Neil Percival Young OC, OM (born November 12, 1945) is a Canadian singer-songwriter. He began performing in a group covering Shadows instrumentals in Canada in 1960, before moving to California in 1966, where he co-founded the band Buffalo Springfield along with Stephen Stills and Richie Furay, later joining Crosby, Stills & Nash as a fourth member in 1969. He forged a successful and acclaimed solo career, releasing his first album in 1968; his career has since spanned over 40 years and 35 studio albums, with a continual and uncompromising exploration of musical styles.The Rock and Roll Hall of Fame website describes Young as “one of rock and roll’s greatest songwriters and performers”. He has been inducted into the Hall of Fame twice: first as a solo artist in 1995, and second as a member of Buffalo Springfield in 1997.
Young’s work is characterized by his distinctive guitar work, deeply personal lyrics and signature alto or high tenor singing voice. Although he accompanies himself on several different instruments, including piano and harmonica, his idiosyncratic electric and clawhammer acoustic guitar playing are the defining characteristics of a varyingly ragged and melodic sound. While Young has experimented with differing music styles, including swing and electronic music throughout a varied career, his best known work usually falls into two primary styles: acoustic (folk and country rock) and electric (amplified hard rock, very often in collaboration with the band Crazy Horse). Young has also adopted elements from newer styles such as alternative rock and grunge. His influence on the latter caused some to dub him the “Godfather of Grunge”.
Young has directed (or co-directed) a number of films using the pseudonym Bernard Shakey, including Journey Through the Past (1973), Rust Never Sleeps (1979), Human Highway (1982), Greendale (2003), and CSNY/Déjà Vu (2008). He is currently working on a documentary about electric car technology, tentatively titled Linc/Volt. The project involves a 1959 Lincoln Continental converted to hybrid technology, which Young plans to drive to Washington, D.C. as an environmentalist example to lawmakers there.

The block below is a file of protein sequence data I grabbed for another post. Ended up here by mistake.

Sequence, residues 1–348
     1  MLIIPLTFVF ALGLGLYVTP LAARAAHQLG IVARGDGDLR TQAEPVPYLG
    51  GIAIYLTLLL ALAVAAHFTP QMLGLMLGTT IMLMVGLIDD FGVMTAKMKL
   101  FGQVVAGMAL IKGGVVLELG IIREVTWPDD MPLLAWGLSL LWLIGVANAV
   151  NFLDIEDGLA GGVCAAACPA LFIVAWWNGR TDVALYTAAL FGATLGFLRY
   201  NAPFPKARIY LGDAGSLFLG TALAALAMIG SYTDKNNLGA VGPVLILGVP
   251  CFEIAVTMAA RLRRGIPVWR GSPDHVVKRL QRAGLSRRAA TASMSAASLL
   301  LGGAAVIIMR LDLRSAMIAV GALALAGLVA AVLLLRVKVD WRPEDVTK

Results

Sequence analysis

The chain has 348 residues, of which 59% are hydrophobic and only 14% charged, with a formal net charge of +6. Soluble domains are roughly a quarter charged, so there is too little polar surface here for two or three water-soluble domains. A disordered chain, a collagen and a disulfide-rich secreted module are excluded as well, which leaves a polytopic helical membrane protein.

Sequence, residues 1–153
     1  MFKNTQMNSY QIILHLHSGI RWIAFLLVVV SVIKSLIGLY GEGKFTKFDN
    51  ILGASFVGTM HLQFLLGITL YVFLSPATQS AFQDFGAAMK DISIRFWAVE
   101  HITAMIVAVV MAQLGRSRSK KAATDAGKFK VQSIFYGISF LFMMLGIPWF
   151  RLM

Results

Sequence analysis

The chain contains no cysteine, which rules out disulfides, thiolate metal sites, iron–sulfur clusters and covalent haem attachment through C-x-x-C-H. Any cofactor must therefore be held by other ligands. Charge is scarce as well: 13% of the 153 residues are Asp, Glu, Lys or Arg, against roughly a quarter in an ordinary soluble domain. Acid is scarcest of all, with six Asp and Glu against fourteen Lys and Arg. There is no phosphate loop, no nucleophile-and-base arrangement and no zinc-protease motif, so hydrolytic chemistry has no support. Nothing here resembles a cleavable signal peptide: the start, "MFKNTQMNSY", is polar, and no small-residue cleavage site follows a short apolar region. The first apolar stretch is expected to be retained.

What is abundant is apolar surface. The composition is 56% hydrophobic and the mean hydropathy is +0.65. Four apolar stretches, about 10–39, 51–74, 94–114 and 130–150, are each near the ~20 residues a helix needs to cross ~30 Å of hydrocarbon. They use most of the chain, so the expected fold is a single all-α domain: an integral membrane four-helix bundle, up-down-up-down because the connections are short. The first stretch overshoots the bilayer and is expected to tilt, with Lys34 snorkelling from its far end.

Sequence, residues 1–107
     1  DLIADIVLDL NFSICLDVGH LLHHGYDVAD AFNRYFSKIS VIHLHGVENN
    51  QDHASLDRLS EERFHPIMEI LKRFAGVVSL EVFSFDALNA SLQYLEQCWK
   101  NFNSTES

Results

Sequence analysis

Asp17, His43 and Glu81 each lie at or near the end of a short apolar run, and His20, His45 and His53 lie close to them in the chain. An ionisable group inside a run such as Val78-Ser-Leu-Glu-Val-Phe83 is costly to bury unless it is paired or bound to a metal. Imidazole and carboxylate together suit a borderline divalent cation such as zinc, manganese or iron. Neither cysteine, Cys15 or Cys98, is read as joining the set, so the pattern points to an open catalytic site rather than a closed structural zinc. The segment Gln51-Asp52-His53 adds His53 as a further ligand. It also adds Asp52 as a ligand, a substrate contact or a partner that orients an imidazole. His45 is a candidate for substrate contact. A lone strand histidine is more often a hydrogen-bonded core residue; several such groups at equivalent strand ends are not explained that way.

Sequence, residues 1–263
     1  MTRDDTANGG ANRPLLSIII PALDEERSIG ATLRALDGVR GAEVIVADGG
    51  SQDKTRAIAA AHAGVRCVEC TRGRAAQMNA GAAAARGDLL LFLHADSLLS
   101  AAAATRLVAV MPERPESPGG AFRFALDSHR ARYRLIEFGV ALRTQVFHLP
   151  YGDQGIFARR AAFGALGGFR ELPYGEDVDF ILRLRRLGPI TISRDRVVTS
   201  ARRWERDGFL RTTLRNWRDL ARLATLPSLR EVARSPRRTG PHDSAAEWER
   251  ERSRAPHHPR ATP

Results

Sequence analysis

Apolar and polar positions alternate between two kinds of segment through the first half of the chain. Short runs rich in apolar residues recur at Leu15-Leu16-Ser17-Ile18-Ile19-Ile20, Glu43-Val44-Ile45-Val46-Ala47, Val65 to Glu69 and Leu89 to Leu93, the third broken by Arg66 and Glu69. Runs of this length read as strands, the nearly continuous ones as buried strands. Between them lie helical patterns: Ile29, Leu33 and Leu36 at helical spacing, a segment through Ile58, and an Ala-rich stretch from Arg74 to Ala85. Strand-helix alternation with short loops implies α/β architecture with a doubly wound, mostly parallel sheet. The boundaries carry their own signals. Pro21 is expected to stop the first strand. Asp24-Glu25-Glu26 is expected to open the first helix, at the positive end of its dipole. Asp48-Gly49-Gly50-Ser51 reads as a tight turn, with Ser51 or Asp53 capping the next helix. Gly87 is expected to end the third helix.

Young is an outspoken advocate for environmental issues and the welfare of small farmers, having co-founded in 1985 the benefit concert Farm Aid. In 1986, Young helped found The Bridge School, an educational organization for children with severe verbal and physical disabilities, and its annual supporting Bridge School Benefit concerts, together with his wife Pegi Young (née Morton). Young has three children: sons Zeke (born during his relationship with actress Carrie Snodgress) and Ben, who were diagnosed with cerebral palsy, and daughter Amber Jean who, like Young himself, has epilepsy. Young lives on his ranch in La Honda, California. Although he has lived in northern California since the 1970s and sings as frequently about U.S. themes and subjects as he does about his native country, he has retained his Canadian citizenship. On July 14, 2006, Young was awarded the Order of Manitoba, and on December 30, 2009, was made an Officer of the Order of Canada. Neil Percival Young was born in Toronto, Canada on 12 November 1945. His father, Scott Alexander Young (1918–2005), was a journalist and sportswriter who would later rise to prominence in Canada for his work.19 His mother, Edna Blow Ragland “Rassy” Young (1918–1990), was of American, French, and Scottish ancestry, and a member of the Daughters of the American Revolution.20 They married in 1940 in Winnipeg, Manitoba, with their first son, Robert ‘Bob’ Young, being born in 1942.
Shortly after Neil’s birth in 1945, the family decided to move to the rural town of Omemee, Ontario, which Neil would later fondly describe as a “sleepy little place”. Omemee later established the Youngtown Museum in tribute to Young. Young was diagnosed with type 1 diabetes as a child, and also suffered from a bout of polio in 1951, in what was the last major outbreak of the disease in Ontario.This was in fact the same epidemic in which singer-songwriter Joni Mitchell, then aged nine, also contracted the virus.
Following his recovery, the Young family went on holiday to Florida in the United States in 1952, and upon returning to Canada soon decided to move away from Omemee and into the city of Toronto, before relocating to Pickering, which is just east of Toronto, and then again to north Toronto soon afterward. It was during this period that Young began to take an interest in popular music that he heard on the radio, and also began to rear chickens in order to sell their eggs.
When Neil was twelve, his father, who had been having a number of extra-marital affairs, left his mother, and she subsequently asked for, and received, a divorce some years later, in 1960. Due to the breakup of the family, Neil went to live with his mother, who moved back to Winnipeg, Manitoba, while his brother Bob stayed with his father in Toronto. When Young moved to Manitoba, his musical drive really kicked in.